Books have played an important role throughout my life from stories read to me as a small child, to novels I eventually could read on my own, to a now 30+ year career as an academic librarian. Not all of those books and stories have been important. Not all of them have been influential. But there are some which have made an impact of one sort or another. This exhibit celebrates those books.
I have not chosen to create altered books, an artistic tradition in which books are deconstructed or altered in some physical way. Instead, I have chosen to explore the concept of altared books and treat them with reverence by creating reliquaries or altars. I have not presented books as literary objects or presented the content of the books in literal terms. Instead, I have tried to represent what the books mean to me or what it was originally about them that impressed me enough that they have stayed with me over time.
The colour of the illustrations but not the actual illustrations themselves are what I remember from And To Think That I Saw It On Mulberry Street. Robert Louis Stevensons poem The Land of Counterpane from A Childs Garden of Verses has informed this particular piece. Images of flayed skin and tattered clothing from Hiroshima have lived in the dark corners of my mind for 40 years. And, The Book of Common Prayer remains an integral part of my cultural past, present, and future.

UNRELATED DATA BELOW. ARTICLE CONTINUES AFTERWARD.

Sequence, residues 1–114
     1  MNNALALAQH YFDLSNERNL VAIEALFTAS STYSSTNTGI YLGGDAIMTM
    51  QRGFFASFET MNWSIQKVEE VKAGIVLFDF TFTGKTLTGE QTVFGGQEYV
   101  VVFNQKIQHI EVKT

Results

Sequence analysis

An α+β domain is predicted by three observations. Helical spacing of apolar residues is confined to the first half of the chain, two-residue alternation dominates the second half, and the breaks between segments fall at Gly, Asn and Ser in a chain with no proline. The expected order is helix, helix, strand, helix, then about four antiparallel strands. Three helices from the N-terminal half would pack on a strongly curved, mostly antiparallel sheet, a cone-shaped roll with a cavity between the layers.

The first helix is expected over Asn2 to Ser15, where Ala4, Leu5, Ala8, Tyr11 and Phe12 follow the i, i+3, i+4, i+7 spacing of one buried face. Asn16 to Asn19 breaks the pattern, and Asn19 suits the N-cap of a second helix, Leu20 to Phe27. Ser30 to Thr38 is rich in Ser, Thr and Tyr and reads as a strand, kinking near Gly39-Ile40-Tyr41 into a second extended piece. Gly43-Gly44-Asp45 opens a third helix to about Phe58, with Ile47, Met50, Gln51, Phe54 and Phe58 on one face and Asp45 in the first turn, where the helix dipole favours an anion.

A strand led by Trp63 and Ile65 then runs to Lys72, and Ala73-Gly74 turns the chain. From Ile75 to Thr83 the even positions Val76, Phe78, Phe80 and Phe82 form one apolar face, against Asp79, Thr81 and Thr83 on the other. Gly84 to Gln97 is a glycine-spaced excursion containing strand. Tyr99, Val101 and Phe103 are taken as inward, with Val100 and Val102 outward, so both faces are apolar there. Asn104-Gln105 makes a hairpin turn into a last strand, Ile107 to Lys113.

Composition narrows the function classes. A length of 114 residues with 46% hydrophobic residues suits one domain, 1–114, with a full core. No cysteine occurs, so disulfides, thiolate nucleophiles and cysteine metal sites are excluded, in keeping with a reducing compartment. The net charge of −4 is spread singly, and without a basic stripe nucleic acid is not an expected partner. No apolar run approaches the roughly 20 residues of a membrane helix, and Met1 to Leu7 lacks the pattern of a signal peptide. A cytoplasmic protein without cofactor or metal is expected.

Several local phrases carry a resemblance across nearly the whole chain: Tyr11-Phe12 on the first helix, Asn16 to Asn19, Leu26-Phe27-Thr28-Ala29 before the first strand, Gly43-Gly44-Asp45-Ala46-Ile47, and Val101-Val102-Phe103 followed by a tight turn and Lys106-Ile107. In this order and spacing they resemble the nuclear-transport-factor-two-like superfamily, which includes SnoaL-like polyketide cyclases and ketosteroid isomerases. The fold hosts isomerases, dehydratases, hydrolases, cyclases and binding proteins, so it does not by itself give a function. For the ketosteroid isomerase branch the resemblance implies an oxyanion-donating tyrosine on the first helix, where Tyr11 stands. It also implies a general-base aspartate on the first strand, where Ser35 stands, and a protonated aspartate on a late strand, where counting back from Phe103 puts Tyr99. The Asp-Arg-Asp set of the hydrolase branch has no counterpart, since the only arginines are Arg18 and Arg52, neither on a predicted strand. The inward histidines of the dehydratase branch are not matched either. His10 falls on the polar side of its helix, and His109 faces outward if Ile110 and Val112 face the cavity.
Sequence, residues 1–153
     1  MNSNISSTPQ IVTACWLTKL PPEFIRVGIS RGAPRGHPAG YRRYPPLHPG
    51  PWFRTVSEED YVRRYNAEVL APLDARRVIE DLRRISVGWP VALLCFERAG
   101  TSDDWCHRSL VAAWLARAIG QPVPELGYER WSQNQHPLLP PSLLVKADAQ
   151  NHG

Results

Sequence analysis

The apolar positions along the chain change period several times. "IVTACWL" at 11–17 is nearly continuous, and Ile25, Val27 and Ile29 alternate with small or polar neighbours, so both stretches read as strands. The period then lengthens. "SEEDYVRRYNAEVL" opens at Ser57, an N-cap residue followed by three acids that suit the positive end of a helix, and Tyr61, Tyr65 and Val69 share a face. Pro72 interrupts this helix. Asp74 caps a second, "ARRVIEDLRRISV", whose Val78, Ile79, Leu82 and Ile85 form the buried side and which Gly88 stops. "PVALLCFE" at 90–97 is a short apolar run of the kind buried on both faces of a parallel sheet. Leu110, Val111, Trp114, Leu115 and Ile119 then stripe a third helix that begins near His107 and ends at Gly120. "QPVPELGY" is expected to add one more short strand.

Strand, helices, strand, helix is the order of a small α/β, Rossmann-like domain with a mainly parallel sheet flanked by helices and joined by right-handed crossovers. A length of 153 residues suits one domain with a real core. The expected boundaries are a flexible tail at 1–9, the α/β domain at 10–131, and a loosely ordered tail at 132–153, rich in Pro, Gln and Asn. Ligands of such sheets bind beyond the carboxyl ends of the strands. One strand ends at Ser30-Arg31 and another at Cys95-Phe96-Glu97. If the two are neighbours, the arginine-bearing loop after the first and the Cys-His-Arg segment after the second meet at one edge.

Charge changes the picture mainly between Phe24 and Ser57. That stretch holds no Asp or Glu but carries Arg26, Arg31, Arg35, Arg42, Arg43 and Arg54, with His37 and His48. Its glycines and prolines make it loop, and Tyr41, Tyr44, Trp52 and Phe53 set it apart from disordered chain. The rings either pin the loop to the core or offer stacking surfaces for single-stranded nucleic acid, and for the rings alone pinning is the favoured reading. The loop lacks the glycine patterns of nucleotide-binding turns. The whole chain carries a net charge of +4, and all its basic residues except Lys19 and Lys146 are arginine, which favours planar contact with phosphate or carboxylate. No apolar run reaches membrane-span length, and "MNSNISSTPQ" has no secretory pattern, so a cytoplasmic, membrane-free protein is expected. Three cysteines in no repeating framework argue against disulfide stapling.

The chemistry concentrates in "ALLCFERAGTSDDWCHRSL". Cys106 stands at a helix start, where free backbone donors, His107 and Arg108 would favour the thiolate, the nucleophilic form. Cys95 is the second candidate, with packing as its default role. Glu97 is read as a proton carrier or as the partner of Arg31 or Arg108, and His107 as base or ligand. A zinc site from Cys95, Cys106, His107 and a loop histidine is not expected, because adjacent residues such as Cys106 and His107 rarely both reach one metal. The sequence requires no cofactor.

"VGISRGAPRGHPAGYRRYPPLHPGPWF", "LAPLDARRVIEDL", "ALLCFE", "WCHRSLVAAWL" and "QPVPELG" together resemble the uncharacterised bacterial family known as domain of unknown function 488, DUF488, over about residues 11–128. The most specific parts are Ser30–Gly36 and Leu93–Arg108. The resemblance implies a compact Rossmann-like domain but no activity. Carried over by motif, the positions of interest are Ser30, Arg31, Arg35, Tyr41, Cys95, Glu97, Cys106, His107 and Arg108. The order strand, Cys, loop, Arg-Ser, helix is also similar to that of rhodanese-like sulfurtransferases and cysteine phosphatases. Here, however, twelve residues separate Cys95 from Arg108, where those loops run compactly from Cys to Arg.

These are the books that I revere. The blank panel included as part of this installation allows you to reflect on your own altared book.